Parenting Beyond Belief: On secular parenting and other natural wonders

Poll: How did you get mixed?

blendAs I work on my book about religious/nonreligious mixed marriages, one of the important variables is when the couple got “mixed” and whether they still are. Couples who were both religious at the beginning, then had one partner lose the faith, deal with different issues than a couple that was already mixed at the altar. Same with couples who were both nonreligious, then had one partner become religious.

There’s also much to be learned from couples that started mixed, then both ended up on one team or the other. This is all part of the formal survey coming out later this month, but for now, here’s the informal poll question of the week.

IF you are (or have been) in a religious/nonreligious mixed marriage, please choose the most accurate statement:

  • We were both religious when we were first married, then one of us became nonreligious. (33%, 32 Votes)
  • When we got married, one was religious, the other nonreligious. Now we are both nonreligious. (32%, 31 Votes)
  • One of us has been religious and the other nonreligious since we were married. (28%, 27 Votes)
  • We are a religious/nonreligious mix, but none of the above. (7%, 7 Votes)
  • We were both nonreligious when we were first married, then one of us became religious. (1%, 1 Votes)
  • When we got married, one was religious, the other nonreligious. Now we are both religious. (0%, 0 Votes)

Total Voters: 98

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[Note: If you choose “none of the above,” please explain in the comments. Thanks!]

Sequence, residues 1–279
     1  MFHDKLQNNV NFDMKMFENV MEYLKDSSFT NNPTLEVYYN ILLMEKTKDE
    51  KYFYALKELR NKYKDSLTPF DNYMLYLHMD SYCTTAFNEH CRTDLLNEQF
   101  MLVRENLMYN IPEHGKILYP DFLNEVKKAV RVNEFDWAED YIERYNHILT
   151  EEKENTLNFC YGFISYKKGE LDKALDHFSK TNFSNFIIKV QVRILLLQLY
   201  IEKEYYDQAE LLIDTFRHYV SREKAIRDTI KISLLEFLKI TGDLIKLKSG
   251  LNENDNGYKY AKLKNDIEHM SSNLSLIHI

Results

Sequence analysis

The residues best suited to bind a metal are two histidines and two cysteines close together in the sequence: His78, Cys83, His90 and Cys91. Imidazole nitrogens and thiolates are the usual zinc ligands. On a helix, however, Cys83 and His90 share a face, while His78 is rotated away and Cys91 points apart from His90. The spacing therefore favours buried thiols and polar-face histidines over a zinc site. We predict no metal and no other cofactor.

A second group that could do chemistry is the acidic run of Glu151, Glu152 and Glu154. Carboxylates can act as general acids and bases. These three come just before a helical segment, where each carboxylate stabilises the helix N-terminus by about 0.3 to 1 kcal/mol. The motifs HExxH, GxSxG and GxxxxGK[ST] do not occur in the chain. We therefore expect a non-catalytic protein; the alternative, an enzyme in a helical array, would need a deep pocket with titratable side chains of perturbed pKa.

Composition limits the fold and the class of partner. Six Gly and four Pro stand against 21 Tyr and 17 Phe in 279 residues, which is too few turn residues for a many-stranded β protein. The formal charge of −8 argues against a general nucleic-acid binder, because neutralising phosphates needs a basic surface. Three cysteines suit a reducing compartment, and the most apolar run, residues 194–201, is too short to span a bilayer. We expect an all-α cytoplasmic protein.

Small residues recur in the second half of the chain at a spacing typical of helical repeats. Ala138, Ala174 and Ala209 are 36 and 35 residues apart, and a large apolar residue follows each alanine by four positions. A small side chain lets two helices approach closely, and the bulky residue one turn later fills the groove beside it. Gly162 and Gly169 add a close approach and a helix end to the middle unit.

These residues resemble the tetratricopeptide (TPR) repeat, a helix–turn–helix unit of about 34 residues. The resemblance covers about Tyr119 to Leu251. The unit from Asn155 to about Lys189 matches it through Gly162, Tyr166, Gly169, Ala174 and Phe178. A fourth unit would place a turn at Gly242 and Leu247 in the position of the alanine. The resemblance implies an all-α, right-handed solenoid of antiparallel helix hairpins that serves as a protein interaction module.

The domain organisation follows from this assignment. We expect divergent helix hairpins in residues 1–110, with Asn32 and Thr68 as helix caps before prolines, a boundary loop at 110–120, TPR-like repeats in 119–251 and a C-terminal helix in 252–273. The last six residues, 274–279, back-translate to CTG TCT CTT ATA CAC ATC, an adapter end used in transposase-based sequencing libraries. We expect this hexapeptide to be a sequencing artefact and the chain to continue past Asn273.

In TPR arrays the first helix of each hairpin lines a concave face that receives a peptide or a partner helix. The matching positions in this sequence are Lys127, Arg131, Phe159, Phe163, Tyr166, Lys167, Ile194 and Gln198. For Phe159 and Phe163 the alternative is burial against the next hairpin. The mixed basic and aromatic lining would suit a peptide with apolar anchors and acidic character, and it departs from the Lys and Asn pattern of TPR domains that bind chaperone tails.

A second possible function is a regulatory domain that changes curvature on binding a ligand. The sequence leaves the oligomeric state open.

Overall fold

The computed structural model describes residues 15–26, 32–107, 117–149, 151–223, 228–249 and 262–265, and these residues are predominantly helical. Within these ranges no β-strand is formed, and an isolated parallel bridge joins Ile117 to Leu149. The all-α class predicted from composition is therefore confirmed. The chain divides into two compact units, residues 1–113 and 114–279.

Stories: The first discussion

Off to a great start with the new form for sharing stories about religious/nonreligious marriages. To make sure all categories are covered, I’m going to prime individual questions once in a while.

If you’re in a religious/nonreligious mixed marriage, or once were, or almost were…let’s start with the first time you and your partner discussed the difference in your beliefs.

Ours happened in 1990 when I was 27. After the usual series of misfit relationships and a lot of thinking, I’d become incredibly picky. I finally knew exactly what I was looking for…and Becca was IT. Compared to everything else she brought to the relationship, the fact that she was a churchgoing Christian was a footnote. Honestly, if I’d learned she had a second head growing out of the back of her neck, I’d have bought it a little hat. This, at last, was the person I wanted to be with for the rest of my life, the person I wanted to raise a family with, grow old with, the whole cliché.

We’d known each other for years and been dating for a few months, but my atheism had never come up. I finally decided it was time. I was terrified of the possibility that I’d lose her over it, but I knew this was too big to be an “oh-by-the-way, funny-thing” moment later on. If it was going to be a big deal, it needed to be a big deal right then, before we got engaged, before we got married.

I decided that a fast-moving car was the right place to bring it up.